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Dishing Out the Holiday Food

First, I have a hard time calling Memorial Day a holiday, having had a parent die in a war, but while it’s not all fireworks and getting drunk around here, I do make food like I would make for any seasonal celebration.

Since there are just the two of us here, I can’t justify making a feast like what a big gathering might have, so I’m making three good meals and spreading them out over the three days of the long weekend. Yesterday, we had potato salad—a big favorite around here—with a grilled venison backstrap. No dessert, because, well, we think of potato salad as dessert, itself!

Tomorrow, it will just be your typical grilled burgers with skewers of grilled summer squash, your choice of yesterday’s potato salad or today’s slaw, and a little leftover dessert from today.

Today, I’m grilling some baby back ribs, brined in an orange-Asian marinade and basted with a spicy orange-Asian glaze. Cole slaw for a side and for dessert, a blueberry clafoutis. The ribs are not going to be like the last ones, cooked low and slow with a charcoal snake, but cooked over an indirect higher heat, around 350°-400° for two hours, periodically basted with the glaze. They are more of a wet rib, but one that doesn’t require a thick drippy sauce. The glaze cooks down to a thick, sticky coating that complements the marinated pork.

Baby Back Ribs with Orange-Asian Glaze

  • Servings: 1 rack of ribs, about 3 lbs
  • Difficulty: moderate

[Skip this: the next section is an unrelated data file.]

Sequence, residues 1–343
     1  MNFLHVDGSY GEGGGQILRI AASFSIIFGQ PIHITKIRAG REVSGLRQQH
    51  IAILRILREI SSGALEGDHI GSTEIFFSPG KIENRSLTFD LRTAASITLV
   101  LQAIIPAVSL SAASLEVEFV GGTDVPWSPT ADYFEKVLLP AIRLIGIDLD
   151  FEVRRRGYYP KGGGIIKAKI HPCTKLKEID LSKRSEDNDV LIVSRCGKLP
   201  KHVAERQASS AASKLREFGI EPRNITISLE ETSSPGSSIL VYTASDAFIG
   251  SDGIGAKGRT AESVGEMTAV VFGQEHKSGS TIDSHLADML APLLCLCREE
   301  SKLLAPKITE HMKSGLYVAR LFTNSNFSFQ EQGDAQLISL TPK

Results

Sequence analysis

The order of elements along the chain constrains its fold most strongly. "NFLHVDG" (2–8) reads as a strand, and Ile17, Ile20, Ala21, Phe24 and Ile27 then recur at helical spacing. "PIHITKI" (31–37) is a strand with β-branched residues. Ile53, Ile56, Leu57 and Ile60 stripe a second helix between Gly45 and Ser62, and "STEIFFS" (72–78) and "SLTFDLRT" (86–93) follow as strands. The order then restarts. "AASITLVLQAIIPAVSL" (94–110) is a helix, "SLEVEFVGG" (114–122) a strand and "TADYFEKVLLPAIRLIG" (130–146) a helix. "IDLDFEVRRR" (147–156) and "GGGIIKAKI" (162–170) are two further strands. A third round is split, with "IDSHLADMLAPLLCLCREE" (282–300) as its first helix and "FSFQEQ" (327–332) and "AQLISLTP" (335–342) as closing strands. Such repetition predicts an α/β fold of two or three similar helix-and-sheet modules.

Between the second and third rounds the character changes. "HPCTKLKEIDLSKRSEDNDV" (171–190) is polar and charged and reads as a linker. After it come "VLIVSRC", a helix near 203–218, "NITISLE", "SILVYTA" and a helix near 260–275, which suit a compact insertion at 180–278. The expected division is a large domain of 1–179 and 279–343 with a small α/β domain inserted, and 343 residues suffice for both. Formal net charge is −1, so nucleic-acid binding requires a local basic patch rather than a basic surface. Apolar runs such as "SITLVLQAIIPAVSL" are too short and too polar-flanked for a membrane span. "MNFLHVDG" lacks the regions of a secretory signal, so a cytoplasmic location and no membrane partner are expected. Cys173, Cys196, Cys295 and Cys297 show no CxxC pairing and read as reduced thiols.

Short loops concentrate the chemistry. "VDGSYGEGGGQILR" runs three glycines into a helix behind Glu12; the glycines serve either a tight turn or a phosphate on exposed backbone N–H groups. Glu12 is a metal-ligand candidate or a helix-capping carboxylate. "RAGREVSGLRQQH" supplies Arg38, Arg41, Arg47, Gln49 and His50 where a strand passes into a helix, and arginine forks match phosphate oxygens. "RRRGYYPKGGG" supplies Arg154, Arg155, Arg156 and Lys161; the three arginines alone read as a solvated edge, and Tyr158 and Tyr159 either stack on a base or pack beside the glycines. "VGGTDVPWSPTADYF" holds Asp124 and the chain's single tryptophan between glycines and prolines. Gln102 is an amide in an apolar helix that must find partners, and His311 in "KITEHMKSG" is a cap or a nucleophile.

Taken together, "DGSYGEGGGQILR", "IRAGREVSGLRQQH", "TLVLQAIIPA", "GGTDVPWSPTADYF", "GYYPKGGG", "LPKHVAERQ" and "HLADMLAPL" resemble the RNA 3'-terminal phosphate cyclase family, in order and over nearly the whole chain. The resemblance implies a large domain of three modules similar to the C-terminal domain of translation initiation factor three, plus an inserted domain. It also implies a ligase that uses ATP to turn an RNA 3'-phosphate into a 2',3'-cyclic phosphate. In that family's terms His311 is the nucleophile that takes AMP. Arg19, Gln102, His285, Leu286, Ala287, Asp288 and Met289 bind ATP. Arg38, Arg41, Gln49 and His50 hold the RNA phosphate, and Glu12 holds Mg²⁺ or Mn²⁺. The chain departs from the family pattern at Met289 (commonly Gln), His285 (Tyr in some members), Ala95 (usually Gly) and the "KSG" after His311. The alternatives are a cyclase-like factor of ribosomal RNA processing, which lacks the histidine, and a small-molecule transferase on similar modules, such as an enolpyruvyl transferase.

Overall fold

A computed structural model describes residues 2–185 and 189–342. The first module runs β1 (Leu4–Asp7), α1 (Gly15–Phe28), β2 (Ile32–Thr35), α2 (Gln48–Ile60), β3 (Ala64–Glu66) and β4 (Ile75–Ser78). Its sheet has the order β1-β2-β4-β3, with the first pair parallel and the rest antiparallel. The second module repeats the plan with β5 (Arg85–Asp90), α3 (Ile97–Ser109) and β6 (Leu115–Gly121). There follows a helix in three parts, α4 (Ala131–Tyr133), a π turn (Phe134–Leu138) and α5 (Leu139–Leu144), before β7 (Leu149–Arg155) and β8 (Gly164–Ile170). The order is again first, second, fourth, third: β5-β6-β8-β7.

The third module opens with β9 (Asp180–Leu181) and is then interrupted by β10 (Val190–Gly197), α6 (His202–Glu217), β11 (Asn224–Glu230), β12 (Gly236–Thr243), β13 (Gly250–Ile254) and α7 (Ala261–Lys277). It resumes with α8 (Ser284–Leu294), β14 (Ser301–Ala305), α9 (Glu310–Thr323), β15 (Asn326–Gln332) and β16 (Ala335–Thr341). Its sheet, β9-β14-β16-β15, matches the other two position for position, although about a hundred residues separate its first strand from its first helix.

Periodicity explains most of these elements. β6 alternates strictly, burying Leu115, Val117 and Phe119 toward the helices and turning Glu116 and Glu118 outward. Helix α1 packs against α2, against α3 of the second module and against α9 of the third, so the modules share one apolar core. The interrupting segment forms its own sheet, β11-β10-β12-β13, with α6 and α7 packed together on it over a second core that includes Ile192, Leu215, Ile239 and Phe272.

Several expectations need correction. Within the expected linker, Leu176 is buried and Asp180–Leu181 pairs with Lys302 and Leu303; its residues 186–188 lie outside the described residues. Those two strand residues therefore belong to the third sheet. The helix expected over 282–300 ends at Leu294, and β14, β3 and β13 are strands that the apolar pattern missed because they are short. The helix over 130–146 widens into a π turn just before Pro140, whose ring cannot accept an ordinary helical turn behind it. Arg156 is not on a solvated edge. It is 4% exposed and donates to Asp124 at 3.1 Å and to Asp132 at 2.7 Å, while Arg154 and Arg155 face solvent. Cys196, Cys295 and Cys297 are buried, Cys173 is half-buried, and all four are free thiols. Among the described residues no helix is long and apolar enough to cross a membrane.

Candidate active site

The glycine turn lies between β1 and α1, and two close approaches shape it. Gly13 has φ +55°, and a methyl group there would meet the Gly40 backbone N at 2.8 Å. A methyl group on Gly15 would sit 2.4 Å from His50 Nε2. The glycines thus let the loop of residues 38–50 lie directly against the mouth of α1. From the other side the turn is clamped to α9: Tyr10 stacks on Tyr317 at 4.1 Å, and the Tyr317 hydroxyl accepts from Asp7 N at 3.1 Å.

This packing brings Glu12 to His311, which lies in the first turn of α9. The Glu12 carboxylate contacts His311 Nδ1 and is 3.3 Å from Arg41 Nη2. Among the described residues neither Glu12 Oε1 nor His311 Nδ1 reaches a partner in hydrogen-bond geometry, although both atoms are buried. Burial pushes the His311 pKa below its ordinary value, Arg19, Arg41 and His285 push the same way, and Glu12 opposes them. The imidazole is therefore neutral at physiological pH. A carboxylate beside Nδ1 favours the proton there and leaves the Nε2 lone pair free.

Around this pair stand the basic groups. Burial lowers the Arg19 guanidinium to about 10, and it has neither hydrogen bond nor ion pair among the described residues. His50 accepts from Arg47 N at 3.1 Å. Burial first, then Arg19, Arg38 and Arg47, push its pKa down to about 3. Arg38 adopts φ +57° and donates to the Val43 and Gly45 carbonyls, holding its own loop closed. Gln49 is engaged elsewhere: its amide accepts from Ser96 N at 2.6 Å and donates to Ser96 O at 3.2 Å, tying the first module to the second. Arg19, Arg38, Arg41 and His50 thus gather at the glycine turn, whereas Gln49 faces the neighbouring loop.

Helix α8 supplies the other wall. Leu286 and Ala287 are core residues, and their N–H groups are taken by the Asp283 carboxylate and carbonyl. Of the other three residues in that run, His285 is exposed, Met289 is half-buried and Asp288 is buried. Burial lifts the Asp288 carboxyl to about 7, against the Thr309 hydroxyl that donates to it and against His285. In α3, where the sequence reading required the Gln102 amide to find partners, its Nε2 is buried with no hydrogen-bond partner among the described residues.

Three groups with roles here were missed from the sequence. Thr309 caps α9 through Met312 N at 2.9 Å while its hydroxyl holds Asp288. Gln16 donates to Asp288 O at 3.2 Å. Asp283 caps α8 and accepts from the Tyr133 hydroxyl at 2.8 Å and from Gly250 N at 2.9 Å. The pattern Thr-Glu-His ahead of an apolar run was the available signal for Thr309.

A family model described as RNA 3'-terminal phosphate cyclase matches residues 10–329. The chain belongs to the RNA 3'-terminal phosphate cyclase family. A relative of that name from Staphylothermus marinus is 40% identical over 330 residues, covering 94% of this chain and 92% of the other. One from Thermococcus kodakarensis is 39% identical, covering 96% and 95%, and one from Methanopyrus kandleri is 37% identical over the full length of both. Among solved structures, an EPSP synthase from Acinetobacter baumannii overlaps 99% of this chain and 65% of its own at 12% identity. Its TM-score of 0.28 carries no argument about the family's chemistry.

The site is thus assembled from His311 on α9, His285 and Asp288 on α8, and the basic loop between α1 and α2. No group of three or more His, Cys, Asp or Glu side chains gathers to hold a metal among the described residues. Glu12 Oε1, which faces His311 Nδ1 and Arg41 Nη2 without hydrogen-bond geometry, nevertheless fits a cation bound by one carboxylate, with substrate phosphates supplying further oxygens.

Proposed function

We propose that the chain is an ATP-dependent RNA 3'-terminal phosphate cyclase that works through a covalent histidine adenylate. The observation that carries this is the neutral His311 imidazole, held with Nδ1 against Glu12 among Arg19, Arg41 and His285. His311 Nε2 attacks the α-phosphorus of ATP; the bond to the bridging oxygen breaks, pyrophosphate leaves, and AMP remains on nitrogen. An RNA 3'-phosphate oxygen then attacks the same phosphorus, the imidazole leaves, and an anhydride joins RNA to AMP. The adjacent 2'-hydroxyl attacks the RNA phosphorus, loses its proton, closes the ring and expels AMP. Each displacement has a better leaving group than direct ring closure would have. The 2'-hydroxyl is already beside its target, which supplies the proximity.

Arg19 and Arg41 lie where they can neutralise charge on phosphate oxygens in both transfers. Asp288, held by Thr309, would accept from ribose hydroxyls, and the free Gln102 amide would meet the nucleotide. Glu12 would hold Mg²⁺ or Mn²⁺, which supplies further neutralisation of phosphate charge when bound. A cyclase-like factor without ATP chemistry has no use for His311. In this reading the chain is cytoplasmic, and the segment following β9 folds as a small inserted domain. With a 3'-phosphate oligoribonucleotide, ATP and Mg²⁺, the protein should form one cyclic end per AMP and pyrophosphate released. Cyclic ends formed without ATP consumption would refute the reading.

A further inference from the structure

• Print

Overnight brine/marinade:
  • 2 cups orange juice
  • 2 cups chicken stock
  • 1/2 cup soy sauce
  • 1/4 cup kosher salt
  • 1 -2 tablespoons grated garlic
  • 1-2 tablespoons grated ginger
  • 2 tablespoons sesame oil

Combine all ingredients and pour over ribs in large glass dish or in sealable plastic bags. I cut my rack in half and put each half in a plastic bag, dividing the marinade between them. Marinate in the refrigerator overnight, removing from refrigerator about 1/2 hour before cooking.

Orange-Asian Grilling Glaze:
  • 2 cups orange juice, reduced over medium-high heat to 1 cup
  • 1/4 cup soy sauce
  • 1 tablespoon sesame oil
  • 1 heaping teaspoon Huy Fong Vietnamese Chili Garlic sauce

After orange juice is reduced by half, remove to a measuring cup, then stir in other ingredients. Use to baste the ribs every 15 minutes on the grill.

Cooking the ribs:

1 three lb rack of pork back ribs, marinated overnight

Orange-Asian glaze

  1. Set up your grill for indirect cooking, so that you have enough coals for at least two hours. I started with 50 coals in the chimney starter, then dropped about ten more coals on the ash pile to make sure it would keep going.
  2. Place the marinated ribs opposite the heated side of the grill and close the cover. It should come up to about 400° and drop to around 350° by the end of the second hour. Keep in mind that the temperature drops every time you open the lid to baste the ribs.
  3. Set one timer for 1 1/2 hours and another timer for 15 minutes. Baste the ribs with the glaze every 15 minutes, resetting that timer. If after 1 1/2 hours, you think the ribs could go longer, try another half hour. I felt that the full two hours was good and that more time would not add anything significant to the recipe.

The ribs were moist and tender inside, sticky and spicy outside, without any added sugar, just the natural sugars in the orange juice.

Blueberry Clafoutis: See the recipe for Pear Clafoutis and substitute one pint of fresh blueberries for the pears.

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